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Saturday, June 19, 2004Phone calls now flit over Wi-Fi networks at little or no cost to the callers. It is the story of the telecom industry--hundreds of billions of dollars are evaporating into the ether.
The new technology of wi-fi heralds a telecom future that is both brilliant and bleak: fantastic devices and free services for consumers, disappearing dollars for telecom companies and their long-suffering investors. In 2000, after fiber-optic cables whittled the price of carrying a call to just about zero and new competitors flooded the market, the long-distance industry had peaked and begun a steep slide. It has since seen a third of its annual revenue vanish in four years--$35 billion, poof!--and the future is grim.Now the same kind of destruction, courtesy of the omnivorous Internet, is engulfing the local phone monopolies and even threatens the cell phone industry. It promises to transform the phone system with new competition, plunging prices and a passel of new features. This next wave begins with "Voice over IP," which means zapping phone calls over the Internet (or private networks built like the Internet). It continues with "Voice over Wi-Fi," Wi-Fi being a free wireless on-ramp to the Net.This, of course, will speed the demise of their mainstay business of voice traffic In a world of Net phones, local monopolies and duopolies will no longer exist; Internet consumers will have every telco in the country competing to win their business. You can now deliver service without owning the connection to the customer, and that is probably in the end the most important change. |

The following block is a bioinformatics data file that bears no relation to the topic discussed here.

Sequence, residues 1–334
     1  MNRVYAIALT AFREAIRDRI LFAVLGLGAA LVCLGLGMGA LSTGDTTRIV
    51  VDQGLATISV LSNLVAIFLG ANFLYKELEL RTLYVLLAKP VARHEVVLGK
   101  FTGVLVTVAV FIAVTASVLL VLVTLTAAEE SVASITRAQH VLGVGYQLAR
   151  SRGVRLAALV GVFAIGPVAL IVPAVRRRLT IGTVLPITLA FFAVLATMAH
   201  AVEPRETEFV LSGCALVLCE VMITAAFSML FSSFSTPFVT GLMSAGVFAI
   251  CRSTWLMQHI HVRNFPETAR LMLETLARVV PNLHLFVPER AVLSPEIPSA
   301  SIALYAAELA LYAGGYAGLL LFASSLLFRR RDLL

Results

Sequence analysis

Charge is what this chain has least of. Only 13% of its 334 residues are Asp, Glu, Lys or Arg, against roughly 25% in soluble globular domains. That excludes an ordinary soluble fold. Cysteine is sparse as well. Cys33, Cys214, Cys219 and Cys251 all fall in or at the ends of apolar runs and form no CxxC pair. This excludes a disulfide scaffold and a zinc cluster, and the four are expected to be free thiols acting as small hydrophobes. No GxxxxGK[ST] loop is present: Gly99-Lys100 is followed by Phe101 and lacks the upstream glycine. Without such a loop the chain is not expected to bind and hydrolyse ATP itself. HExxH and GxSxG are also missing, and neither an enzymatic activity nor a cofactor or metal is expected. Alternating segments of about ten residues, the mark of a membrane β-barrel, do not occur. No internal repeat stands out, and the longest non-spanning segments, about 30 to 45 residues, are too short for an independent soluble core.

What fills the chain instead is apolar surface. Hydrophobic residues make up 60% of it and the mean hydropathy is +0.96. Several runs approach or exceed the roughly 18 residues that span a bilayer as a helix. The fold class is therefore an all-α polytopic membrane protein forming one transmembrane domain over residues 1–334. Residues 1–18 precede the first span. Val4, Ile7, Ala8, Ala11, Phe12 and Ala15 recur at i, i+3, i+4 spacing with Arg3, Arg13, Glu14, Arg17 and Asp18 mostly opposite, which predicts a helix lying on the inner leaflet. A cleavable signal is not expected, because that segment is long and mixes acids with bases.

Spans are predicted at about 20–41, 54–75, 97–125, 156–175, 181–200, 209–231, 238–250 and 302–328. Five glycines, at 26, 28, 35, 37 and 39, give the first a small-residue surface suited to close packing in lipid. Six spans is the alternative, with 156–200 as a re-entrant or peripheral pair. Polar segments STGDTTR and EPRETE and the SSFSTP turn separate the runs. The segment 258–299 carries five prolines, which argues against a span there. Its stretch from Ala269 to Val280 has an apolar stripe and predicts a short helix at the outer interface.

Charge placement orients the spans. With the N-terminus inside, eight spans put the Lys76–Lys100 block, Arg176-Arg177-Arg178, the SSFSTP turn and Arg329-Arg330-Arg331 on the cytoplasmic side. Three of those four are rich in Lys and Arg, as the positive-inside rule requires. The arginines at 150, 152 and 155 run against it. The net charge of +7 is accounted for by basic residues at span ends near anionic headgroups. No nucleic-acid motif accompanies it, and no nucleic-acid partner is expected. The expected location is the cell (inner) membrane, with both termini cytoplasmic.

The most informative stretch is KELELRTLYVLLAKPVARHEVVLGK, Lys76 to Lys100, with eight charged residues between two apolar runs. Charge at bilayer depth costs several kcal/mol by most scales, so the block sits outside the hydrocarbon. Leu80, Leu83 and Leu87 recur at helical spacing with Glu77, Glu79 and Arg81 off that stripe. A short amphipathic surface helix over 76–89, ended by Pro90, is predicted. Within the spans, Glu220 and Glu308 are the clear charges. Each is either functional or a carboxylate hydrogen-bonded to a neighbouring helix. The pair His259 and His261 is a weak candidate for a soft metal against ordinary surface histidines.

|Sadagopan's Weblog on Emerging Technologies, Trends,Thoughts, Ideas & Cyberworld